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CHINESE NEW YEAR

Chinese New Year is one of the most celebrated festival in Hong Kong. The week before New Year, homes are cleaned because many people belive a dust-free home will bring fortune. On New Year's eve, family members gather for a reunion diner.

Flower market
Chinese people decorate home with flowers that have different symbolisms. They decorate the home with fresh flowers and trees to symbolize rebirth and new growth. So the period of Lunar New Year is considered a "golden week" for florists.
Flower market

In year 2006, rising rents have forced the florists to order more stock in the hope of boosting sales ahead of the Lunar New Year, and that there is insufficient space in their shops to store the extra flowers. Landlords have raised rents by 50 per cent or even more in many cases. Many sellers import more mainland goods, which are cheaper, in the hope of making more profits to cover the rental costs. The higher the rents, the more goods the florists have to order. The more they order, the more goods they put outside our shops. Then police fines them for illegal street encroaching.

Half of the market is occupied by flower kiosks. Peach blossoms, chrysanthemum, daffodils, orchids and various kinds of flowers are available. Snacks, toys and various kinds of junk occupy the rest of the market. Bargain is recommended.
Flower market
Flower market
Victoria Park Market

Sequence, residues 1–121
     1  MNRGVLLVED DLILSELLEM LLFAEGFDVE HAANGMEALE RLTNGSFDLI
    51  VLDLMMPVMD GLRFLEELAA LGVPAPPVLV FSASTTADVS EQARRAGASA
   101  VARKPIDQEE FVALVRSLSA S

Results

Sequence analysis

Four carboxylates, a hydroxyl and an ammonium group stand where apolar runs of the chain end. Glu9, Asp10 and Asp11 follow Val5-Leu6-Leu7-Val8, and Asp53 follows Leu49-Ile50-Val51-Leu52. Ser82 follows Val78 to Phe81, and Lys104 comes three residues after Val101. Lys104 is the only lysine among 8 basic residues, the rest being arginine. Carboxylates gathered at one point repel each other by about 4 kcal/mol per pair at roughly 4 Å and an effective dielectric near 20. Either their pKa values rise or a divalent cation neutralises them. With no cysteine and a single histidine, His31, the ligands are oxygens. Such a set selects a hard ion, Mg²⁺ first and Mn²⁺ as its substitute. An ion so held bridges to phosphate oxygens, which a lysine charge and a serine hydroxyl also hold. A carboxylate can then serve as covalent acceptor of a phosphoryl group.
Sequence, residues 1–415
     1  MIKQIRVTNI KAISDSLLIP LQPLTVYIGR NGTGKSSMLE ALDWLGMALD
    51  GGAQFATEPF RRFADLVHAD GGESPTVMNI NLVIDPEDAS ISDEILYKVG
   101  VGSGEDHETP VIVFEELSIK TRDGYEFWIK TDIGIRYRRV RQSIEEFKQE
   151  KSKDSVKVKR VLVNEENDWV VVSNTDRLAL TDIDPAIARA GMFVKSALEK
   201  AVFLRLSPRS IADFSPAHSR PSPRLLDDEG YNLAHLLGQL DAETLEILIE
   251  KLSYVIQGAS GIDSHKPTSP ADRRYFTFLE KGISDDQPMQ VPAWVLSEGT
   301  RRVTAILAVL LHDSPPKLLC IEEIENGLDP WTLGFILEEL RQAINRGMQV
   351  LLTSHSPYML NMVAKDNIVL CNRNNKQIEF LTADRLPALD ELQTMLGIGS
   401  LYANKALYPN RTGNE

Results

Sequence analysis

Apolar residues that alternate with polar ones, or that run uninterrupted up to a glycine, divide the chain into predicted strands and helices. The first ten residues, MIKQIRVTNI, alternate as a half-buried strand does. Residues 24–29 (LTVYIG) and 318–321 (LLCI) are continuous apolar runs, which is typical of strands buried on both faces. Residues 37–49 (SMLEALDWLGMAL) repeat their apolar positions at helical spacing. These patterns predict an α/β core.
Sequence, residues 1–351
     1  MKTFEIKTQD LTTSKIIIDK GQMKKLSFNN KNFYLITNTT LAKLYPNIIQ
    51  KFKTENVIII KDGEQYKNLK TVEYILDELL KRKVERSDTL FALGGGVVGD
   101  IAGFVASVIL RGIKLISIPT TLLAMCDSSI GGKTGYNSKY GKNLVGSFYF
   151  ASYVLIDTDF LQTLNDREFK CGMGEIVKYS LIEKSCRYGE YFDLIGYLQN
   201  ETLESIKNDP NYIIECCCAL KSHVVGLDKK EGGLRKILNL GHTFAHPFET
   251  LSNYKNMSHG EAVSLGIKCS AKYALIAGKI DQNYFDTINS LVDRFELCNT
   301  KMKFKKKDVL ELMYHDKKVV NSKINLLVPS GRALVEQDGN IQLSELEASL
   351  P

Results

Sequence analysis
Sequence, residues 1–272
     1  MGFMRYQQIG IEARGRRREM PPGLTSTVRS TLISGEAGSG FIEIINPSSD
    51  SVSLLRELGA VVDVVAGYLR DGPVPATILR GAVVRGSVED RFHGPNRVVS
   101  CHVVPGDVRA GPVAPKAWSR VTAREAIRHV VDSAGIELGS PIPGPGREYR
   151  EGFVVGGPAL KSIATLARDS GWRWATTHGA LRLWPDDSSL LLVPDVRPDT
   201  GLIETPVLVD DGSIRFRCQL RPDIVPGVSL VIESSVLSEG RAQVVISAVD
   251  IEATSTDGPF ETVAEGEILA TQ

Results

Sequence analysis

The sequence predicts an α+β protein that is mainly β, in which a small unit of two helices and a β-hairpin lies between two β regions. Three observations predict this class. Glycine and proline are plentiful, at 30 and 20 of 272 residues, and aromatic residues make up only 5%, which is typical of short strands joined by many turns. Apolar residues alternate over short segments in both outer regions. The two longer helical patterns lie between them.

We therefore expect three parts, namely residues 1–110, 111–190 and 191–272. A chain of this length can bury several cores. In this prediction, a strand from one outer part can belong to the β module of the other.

Every year there are big markets in many districts in Hong Kong. The biggest one is probably the one in Victoria Park in Causeway Bay. The market typically runs a few days before the lunar new year and last until dawn of the first lunar new year day. The day before the lunar new year is the busiest and most crowded moment for the market. Hong Kong people considered it is best time to go.
Victoria Park Market

The fair attracted about 46 000 people on the eve of the lunar new year 2006.

Special miniature orange trees are sold for good luck. They are quite expensive, but the price drops rapidly at the end of the new year evening as the sellers will not be able to sell them on the next day.
Flower market
Flower market

The Lunar New Year tradition of giving new bank notes as gifts is troublesome for Hong Kong banks. There is a need of a 300 tonnes of new notes for the festivities. Lai see is usually given by parents and grandparents to younger relatives and also by bosses to employees. Celebrants prefer to give new notes in traditional red envelopes as it conveys a sense of prestige on the donor.



On the first day of the Lunar Year, Chinese people use the greeting "Kung Hei Fat Choi" to everyone they know.

Che Kung Temple
The Che Kung Temple can bring you glad tidings. Lucky windmills, lucky necklaces are on sale. Colourful paper spinning wheels, which bring good luck to your home, are available from the numerous stalls outside the temple.
Che Kung Temple

During Chinese New Year, Wong Tai Sin Temple and Che Kung Temple are crowded. Police put in place corridors to avoid stampedes.

Chinese New Year is a special time to give thanks and ask for good fortune in the coming year. Many local Hong Kong people head to Sik Sik Yuen Wong Tai Sin Temple and let the soothsayers predict their future.
Wong Tai Sin Temple
Wong Tai Sin Temple
Wong Tai Sin Temple
On the Chinese New Year's Eve, worshippers wait outside the temple before midnight and rush in to the main altar to offer their shining incense sticks when the new year comes. They believe that the earlier they offer the incense, the better luck they will have that new year.
Wong Tai Sin Temple


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